17 / 07 / 12

"For years, the Internet has been about web sites and browser-based experiences, and the systems that drove those sites generally matched those experiences. But now, the portable world is upon us and it is formidable."

Can I get a quick explanation?

In a nutshell, responsive web design means to create a website that can adapt to different sizes of screens.

Technically, there is a bit more to it than that; it doesn't refer to the size of screen, it alters depending on the resolution of the screen which is currently the best indicator as to what size of device is being used to view the site. It helps to eliminate the need to have a specific mobile site, avoiding having users scroll unnecessarily and generally help users on smaller devices use the website more intuitively.

But how does it do that?

All websites are (currently) built roughly in the same way - there is an HTML file for the content of the site, the CSS file is layered on top and helps to arrange things, add colours, alter spacing, adjusting typography and animations amongst other things. The CSS file has the ability to only load certain elements depending on the resolution available.

In practical terms this may mean that on screens of greater than 960px horizontally the published date of an article is inline with the article title, whilst on smaller screens it may push the article further down and rest on top.

If you squish this window in the layout should begin to change.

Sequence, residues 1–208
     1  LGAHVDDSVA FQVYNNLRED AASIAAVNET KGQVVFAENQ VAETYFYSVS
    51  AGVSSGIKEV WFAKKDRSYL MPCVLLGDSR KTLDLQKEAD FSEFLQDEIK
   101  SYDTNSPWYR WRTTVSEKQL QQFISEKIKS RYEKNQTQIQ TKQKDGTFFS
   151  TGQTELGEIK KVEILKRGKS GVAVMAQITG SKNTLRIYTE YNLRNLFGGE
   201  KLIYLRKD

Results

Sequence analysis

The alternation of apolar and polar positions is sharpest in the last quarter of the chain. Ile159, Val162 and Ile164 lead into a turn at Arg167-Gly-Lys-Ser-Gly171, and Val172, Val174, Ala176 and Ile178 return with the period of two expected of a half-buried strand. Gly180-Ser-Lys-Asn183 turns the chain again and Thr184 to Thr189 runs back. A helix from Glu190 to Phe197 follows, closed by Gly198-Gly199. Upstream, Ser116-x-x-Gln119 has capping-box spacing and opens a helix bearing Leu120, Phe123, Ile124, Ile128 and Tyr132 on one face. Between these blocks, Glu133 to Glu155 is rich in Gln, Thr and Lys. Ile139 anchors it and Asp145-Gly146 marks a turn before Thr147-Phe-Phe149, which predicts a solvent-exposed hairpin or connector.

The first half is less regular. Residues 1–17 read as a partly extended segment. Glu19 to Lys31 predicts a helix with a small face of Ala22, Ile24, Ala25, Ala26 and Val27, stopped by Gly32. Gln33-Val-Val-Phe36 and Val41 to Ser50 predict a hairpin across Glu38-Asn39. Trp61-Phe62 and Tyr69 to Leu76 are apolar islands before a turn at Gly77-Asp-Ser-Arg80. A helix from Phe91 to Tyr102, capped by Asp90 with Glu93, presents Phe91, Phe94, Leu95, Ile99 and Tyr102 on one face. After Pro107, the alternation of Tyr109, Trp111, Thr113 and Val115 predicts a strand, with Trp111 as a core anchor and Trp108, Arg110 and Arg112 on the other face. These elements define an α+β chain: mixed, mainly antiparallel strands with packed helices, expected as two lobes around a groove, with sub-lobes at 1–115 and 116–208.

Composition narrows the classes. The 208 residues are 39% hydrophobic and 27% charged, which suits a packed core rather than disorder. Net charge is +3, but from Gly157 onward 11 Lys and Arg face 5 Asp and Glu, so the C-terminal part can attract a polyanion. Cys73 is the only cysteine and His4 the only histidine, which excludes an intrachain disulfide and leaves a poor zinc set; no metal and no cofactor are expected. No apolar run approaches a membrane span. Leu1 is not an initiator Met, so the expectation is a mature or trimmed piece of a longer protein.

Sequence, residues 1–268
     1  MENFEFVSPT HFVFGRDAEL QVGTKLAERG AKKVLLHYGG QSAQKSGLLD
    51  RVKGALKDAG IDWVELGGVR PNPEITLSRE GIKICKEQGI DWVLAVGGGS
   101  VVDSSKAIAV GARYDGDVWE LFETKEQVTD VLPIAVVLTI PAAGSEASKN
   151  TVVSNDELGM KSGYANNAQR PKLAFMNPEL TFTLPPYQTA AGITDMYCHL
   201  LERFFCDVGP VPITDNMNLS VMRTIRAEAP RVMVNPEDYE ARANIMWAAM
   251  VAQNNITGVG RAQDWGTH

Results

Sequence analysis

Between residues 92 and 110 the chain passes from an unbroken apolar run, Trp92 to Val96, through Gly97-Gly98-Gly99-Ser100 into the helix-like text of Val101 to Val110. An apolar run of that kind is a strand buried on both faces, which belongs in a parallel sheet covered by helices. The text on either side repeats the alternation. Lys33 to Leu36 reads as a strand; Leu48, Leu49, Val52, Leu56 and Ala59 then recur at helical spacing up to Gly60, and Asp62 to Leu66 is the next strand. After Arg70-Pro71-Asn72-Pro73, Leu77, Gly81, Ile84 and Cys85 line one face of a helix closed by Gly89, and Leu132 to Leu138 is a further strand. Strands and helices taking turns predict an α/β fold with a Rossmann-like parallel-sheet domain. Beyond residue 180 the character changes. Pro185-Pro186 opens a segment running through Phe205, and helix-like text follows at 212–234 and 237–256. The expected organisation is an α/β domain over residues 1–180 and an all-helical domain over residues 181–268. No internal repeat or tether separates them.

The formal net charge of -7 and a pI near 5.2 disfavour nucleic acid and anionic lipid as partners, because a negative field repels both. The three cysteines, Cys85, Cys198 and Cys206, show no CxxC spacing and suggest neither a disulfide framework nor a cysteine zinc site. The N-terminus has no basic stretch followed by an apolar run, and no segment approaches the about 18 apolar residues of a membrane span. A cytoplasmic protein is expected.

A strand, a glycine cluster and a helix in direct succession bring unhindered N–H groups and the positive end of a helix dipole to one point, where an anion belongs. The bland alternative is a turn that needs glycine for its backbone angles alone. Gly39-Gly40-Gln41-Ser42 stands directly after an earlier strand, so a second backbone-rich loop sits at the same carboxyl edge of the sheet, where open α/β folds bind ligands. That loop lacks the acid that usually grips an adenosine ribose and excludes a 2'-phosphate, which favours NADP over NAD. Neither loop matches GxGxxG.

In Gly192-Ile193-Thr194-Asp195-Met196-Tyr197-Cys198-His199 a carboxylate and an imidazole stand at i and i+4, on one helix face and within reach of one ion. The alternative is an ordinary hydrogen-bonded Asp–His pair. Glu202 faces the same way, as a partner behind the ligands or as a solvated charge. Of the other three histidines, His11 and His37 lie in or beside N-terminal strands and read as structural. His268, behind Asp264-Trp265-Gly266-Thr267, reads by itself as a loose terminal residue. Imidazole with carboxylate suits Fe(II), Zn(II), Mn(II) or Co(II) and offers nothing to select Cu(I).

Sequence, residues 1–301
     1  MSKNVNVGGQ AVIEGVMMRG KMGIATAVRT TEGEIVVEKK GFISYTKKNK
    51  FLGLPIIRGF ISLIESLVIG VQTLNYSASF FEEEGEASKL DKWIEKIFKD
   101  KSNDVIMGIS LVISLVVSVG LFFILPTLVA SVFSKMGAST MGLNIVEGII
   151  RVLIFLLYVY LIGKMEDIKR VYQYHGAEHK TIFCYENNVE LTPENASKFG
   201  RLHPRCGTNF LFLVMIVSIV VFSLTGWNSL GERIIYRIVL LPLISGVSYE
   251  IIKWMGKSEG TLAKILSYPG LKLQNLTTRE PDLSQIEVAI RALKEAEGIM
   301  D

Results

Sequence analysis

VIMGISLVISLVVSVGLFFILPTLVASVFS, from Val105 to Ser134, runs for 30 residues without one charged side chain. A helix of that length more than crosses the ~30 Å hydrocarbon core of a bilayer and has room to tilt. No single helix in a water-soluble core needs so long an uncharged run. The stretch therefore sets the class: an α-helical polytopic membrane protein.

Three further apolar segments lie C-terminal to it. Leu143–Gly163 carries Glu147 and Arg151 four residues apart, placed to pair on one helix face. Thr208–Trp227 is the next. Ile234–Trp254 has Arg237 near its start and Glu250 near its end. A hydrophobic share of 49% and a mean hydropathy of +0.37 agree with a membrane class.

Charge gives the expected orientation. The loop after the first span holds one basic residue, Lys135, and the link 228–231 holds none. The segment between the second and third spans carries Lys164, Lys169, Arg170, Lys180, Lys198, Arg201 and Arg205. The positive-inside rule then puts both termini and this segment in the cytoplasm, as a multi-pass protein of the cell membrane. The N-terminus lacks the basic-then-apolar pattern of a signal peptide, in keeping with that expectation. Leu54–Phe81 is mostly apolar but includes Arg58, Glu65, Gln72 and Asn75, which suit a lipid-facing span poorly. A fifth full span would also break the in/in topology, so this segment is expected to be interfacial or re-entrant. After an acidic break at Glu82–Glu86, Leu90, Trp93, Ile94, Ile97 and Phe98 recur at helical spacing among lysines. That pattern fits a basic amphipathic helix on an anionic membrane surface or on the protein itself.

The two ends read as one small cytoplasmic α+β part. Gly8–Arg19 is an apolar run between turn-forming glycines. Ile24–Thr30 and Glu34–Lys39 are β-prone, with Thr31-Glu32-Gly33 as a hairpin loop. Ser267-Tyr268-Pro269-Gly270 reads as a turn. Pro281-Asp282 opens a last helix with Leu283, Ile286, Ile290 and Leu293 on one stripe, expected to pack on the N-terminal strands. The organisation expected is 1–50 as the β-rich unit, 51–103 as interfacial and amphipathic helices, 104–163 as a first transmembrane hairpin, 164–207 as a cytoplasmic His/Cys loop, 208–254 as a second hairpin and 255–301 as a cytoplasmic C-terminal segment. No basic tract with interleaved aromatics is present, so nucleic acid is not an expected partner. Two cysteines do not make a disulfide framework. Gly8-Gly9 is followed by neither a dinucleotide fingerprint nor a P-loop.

There are still a couple of issues cropping up by using the responsive method, images will scale down in dimension but not in file size - this causes an issue of smaller screens (which tend to be mobile and suffer from a slower internet connection as result) still have to download gloriously hi-res images. The development time is also growing as there are more and more devices to test on and make sure the site is useable on the majority of them.

Alright, but why should we be using it?

A number of people have written about why responsive design approach is a good way to go; Google recommends it so that they can "discover your content more efficiently" thus helping your search engine results, NPR have embraced "one simple philosophy: COPE (Create Once, Publish Everywhere)" to help push their content to the various formats and Ethan Marcotte has this to say on the matter: "Responsive web design offers us a way forward, finally allowing us to 'design for the ebb and flow of things.'"

The main reason, at least in my opinion, is that it forces you to really think about what information is primary and which comes secondary. It helps consolidate the idea that the real reason you're building a new website is to make it as useful and accessible as possible for your users.